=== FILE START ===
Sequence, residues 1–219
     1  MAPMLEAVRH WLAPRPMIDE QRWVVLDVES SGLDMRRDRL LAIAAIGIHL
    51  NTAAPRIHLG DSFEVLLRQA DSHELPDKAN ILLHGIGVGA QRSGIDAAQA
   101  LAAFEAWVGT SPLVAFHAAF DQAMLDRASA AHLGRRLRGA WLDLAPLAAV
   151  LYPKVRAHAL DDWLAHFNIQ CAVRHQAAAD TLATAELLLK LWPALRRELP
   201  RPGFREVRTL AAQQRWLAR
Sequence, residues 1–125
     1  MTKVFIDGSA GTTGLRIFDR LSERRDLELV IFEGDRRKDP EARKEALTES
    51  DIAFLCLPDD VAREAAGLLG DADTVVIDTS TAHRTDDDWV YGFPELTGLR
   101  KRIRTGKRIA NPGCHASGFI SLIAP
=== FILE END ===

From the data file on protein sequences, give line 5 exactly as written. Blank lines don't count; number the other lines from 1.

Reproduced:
   151  LYPKVRAHAL DDWLAHFNIQ CAVRHQAAAD TLATAELLLK LWPALRRELP